Monday, October 14, 2013
CORPUS CHRISTI – A Corpus Christi-area physician has been charged in a 14-count indictment for a scheme to defraud Medicare and Medicaid through fraudulent billings, according to Texas Attorney General Greg Abbott, U.S. Attorney Kenneth Magidson, the FBI and Health and the Human Services Office of Inspector General.
Dr. Roque Joel Ramirez, 48, of Robstown and the owner of Health Resolutions, Inc., has been charged for sending false and fraudulent billings to Medicare and Medicaid. The indictment against Dr. Ramirez was returned by a Nueces County grand jury on Oct. 9. The charges include nine counts of health care fraud, three counts of mail fraud and two counts of aggravated identity theft. Agents and officers of the Coastal Bend Healthcare Fraud Task Force arrested Dr. Ramirez on October 11.
The indictment alleges that Dr. Ramirez, who has been a Texas licensed practitioner since 1997, engaged in a scheme to defraud Medicare and Medicaid through fraudulent billings for physician services that he did not provide. The indictment alleges that from May 2008, and continuing through December 2011, Dr. Ramirez submitted approximately 4,970 false and fraudulent bills to Medicare and Medicaid totaling over $1.4 million dollars. The indictment alleges that Dr. Ramirez billed for medical services he claimed to have personally provided to patients who had died prior to the dates of his claimed services, and that he also billed for medical services he claimed to have personally provided to patients in Texas on days when he was overseas or in another state. The indictment alleges Dr. Ramirez billed for medical services that would have required him to have personally worked more than 24 hours in a single day. The aggravated identity theft charges accuse Dr. Ramirez of using the Medicare identification numbers of former patients to bill for medical services he claimed to have personally provided to them after they had died.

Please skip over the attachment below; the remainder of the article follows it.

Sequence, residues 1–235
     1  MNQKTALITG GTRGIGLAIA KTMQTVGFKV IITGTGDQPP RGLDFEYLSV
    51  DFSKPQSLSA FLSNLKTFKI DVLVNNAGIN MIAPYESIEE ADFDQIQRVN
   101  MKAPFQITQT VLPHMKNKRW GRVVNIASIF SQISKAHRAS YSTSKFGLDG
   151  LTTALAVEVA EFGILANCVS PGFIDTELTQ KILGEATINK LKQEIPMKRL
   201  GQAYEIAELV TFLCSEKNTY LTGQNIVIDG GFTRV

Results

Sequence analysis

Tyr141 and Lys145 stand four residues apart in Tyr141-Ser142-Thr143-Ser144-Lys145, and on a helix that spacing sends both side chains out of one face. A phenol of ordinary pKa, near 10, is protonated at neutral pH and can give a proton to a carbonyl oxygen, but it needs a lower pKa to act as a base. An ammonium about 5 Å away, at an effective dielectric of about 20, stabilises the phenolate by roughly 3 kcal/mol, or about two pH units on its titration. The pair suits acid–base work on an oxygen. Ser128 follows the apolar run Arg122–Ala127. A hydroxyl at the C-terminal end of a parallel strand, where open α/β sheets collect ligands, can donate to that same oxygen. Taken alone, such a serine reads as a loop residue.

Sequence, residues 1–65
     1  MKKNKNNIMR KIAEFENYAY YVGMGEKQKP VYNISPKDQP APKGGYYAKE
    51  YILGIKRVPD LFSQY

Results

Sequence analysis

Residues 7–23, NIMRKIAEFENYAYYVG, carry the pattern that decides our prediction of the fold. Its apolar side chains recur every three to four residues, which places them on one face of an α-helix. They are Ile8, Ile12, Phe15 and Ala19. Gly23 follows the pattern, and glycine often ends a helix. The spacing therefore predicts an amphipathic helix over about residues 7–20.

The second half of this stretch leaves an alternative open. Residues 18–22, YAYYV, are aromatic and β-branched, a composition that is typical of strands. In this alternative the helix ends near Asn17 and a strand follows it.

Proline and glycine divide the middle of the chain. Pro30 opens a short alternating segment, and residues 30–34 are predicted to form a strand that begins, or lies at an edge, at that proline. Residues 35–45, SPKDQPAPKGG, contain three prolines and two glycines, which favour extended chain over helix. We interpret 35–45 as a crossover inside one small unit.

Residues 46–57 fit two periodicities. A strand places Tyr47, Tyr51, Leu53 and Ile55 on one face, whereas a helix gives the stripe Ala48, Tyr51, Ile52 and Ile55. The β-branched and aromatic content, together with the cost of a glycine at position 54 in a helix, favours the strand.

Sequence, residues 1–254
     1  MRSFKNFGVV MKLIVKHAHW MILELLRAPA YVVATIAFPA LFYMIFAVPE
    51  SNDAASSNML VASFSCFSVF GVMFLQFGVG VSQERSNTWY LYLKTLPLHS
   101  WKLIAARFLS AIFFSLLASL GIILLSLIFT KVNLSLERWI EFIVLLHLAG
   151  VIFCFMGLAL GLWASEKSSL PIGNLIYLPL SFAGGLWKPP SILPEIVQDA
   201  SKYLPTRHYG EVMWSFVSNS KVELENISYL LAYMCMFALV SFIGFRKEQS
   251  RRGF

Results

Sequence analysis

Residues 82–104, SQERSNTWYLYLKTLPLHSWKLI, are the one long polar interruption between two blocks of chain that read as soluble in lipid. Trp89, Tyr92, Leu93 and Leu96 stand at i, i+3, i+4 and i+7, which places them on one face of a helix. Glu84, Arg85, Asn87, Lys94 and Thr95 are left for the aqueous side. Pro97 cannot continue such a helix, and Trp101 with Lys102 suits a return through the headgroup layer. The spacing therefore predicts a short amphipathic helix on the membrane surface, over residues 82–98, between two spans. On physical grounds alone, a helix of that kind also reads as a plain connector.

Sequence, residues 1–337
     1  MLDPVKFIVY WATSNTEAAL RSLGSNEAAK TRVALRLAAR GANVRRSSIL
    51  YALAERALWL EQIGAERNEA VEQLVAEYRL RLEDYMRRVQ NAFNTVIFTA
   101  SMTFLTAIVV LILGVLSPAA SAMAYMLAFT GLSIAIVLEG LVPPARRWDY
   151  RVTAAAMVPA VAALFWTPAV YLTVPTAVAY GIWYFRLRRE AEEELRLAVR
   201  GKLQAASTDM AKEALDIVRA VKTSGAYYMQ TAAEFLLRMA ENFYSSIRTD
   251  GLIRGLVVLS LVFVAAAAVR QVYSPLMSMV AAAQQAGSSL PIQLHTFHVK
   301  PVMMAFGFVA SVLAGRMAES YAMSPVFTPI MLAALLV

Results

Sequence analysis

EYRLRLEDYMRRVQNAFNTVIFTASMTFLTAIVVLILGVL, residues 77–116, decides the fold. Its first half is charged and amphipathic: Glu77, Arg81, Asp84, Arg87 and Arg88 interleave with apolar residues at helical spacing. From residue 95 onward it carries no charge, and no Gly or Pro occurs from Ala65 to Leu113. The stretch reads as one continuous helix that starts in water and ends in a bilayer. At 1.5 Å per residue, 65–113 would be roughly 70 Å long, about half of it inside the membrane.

Each of the nine counts of health care fraud carries a maximum punishment of 10 years in federal prison without the possibility of parole and a $250,000 fine upon conviction. Each of the three counts of mail fraud carries a maximum punishment of 20 years in federal prison without the possibility of parole and a $250,000 fine upon conviction. The two counts of aggravated identity theft each carry a mandatory two-year additional prison term which must be served consecutively to any prison sentence imposed for a conviction on any of the other crimes charged.
The investigation leading to the charges was conducted by the Federal Bureau of Investigation, the U.S. Department of Health and Human Services-Office of Inspector General, and the Texas Attorney General’s Medicaid Fraud Control Unit. These agencies are partners of the Coastal Bend Healthcare Fraud Task Force.
Assistant United States Attorney Robert Thorpe and Special Assistant United States Attorney Rex Beasley are prosecuting the case.